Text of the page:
Breast Cancer Risk Quiz

Type of riskPoints 
Your age
Family history (age of diagnosis)
Mother (under 50)20
Mother (over 50)12
Sister (under 50)20
Sister (over 50)12
More than one aunt, cousin, or grandmother5
One aunt, cousin, or grandmother3
Personal history
You have had a previous breast cancer25
You have had breast surgery showing atypia15
You have had multiple benign biopsies4
You have had a benign breast biopsy3
You have had a previous cancer of the ovary or uterus2
You have dense breast tissue4
You are 30 years old or older and have never had a child2
You had your first child at age 30 or older2
Menstrual history
Menstruation began at age 11 or younger2
Menopause occurred at 55 or older2
Menopause occurred between 46 and 541
Body build
You are overweight, with extra weight in the upper body (apple shape)2
You are overweight, with extra weight in the thighs and buttocks (pear shape)1
You eat a high-fat diet (fried foods, deli, meat, cheese)1
Post-menopausal hormones
You are presently taking or have taken female estrogen and progesterone (PREMPRO®) for more than 5 years2
You had natural menopause and have taken estrogen and progesterone (PREMPRO®) for more than 10 years3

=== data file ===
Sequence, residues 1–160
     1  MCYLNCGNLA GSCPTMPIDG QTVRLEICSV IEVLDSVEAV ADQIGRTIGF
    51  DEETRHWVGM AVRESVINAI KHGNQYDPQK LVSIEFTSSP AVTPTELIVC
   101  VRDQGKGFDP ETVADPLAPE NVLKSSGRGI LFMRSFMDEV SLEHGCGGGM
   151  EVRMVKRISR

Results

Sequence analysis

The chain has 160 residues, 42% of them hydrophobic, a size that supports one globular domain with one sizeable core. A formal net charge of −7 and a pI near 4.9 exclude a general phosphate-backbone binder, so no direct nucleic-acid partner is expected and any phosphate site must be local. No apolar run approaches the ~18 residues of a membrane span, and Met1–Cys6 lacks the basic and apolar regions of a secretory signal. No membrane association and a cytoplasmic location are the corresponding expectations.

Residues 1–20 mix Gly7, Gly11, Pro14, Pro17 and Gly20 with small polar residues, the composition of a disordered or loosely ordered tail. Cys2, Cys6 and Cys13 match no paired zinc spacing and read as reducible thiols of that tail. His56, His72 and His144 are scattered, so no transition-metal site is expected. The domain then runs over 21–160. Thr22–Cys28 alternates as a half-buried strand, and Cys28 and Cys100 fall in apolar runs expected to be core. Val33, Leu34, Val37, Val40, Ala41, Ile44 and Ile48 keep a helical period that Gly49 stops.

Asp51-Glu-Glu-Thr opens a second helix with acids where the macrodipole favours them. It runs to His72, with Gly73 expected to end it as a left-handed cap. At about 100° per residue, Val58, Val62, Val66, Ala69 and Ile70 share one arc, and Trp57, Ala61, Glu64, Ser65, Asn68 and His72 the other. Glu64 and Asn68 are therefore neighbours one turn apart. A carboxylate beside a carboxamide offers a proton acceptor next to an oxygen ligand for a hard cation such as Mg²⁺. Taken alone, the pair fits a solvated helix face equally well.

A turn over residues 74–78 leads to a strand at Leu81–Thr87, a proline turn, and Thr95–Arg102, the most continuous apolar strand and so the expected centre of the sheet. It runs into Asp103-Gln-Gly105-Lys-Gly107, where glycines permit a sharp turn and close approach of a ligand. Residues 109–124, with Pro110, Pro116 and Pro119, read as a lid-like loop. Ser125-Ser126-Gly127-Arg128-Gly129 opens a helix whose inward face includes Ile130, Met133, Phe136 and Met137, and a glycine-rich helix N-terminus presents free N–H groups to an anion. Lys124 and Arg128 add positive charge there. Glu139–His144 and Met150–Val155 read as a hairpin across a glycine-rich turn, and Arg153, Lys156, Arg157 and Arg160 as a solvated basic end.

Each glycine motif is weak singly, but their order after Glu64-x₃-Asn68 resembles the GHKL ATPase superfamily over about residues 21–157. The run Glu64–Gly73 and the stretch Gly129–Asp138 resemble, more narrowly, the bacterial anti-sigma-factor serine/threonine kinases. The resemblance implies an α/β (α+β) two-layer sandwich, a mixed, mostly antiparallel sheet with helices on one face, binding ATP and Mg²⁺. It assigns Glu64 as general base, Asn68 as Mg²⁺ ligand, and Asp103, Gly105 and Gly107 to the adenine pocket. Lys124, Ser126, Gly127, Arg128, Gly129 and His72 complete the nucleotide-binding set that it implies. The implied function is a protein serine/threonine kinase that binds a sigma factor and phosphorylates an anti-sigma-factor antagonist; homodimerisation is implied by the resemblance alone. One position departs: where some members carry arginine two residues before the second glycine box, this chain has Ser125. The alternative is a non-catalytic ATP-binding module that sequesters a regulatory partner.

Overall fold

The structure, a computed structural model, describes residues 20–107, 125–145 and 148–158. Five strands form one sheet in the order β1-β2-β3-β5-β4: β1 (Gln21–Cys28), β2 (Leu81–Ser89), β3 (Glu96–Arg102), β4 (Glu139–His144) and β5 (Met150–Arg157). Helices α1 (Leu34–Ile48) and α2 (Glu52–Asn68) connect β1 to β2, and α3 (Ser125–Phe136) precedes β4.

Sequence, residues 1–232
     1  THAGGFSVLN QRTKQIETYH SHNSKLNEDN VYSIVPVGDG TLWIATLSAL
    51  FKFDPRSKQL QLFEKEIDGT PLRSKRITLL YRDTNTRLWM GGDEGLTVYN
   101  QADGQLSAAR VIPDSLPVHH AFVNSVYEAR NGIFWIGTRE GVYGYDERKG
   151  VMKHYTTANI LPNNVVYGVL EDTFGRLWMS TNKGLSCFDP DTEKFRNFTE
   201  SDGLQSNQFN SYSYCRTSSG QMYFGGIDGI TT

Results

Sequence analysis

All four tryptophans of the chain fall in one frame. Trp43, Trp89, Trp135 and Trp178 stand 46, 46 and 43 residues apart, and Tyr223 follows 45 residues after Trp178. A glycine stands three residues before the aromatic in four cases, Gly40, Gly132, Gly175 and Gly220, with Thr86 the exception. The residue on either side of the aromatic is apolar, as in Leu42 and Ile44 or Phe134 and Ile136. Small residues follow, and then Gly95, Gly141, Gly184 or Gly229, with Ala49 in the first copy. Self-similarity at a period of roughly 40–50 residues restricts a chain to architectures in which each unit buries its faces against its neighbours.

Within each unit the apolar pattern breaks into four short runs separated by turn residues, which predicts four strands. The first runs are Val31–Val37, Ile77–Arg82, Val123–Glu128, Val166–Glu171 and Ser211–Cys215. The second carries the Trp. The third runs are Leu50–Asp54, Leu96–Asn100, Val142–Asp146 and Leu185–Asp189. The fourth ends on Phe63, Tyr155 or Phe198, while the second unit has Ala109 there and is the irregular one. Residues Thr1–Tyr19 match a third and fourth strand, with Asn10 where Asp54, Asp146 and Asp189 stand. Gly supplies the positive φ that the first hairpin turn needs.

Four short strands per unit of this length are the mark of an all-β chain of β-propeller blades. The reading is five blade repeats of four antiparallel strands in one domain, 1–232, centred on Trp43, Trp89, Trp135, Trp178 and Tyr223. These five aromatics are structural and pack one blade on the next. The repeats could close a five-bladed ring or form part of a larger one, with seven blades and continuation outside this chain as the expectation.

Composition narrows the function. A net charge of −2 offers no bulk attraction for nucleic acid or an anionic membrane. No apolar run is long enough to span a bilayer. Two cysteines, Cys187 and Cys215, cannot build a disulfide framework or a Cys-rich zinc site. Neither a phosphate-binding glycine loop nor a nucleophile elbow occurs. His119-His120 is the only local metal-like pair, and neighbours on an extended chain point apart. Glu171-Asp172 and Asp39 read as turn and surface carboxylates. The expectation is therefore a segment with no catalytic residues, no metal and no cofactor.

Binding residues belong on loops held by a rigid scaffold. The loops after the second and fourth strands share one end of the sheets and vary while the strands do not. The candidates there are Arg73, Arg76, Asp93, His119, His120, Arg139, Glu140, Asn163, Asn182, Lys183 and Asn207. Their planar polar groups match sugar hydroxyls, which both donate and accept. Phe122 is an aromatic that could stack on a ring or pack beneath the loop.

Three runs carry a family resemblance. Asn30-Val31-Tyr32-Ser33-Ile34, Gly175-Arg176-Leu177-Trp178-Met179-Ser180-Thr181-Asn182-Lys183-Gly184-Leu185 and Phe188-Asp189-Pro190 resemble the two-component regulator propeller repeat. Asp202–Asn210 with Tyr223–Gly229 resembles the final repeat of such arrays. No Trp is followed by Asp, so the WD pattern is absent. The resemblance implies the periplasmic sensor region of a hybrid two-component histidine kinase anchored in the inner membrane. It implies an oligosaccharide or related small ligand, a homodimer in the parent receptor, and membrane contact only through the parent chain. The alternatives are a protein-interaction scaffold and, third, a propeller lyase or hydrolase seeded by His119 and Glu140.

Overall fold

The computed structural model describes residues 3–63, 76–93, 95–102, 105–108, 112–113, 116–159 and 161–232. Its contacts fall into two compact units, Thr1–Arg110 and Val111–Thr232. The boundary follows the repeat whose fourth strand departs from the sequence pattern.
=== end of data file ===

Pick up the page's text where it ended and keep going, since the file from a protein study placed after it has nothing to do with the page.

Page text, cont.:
Total score

Your present risk of developing breast cancer may be estimated by comparing your total score to the chart below. However, this is only an approximate value, and if you develop any symptoms you should consult your doctor immediately.

0-10 Average Risk
11-19 Moderate Risk
20-29 High Risk
30+ Highest Risk

Women at average risk need yearly mammography starting at age 40 (baseline at age 35), and yearly clinical breast exam.

See recommendations above. In addition, we recommend a clinical breast exam with a breast specialist, which should include a discussion of breast cancer prevention strategies.

You need all of the above plus a thorough evaluation of your family history and possible genetic testing for genetic mutations. The benefits and risks of new drugs to reduce breast cancer risk should be reviewed. Increased surveillance with more frequent breast exams and advanced breast imaging tests (such as MRI) should be considered.

Women at highest risk for breast cancer usually have a very strong family history of breast and ovarian cancer and can test positive for a genetic mutation. They need to avail themselves to all risk reduction strategies. These women should be under the care of a surgeon specializing in breast disease, who can oversee an intensive an individualized screening program.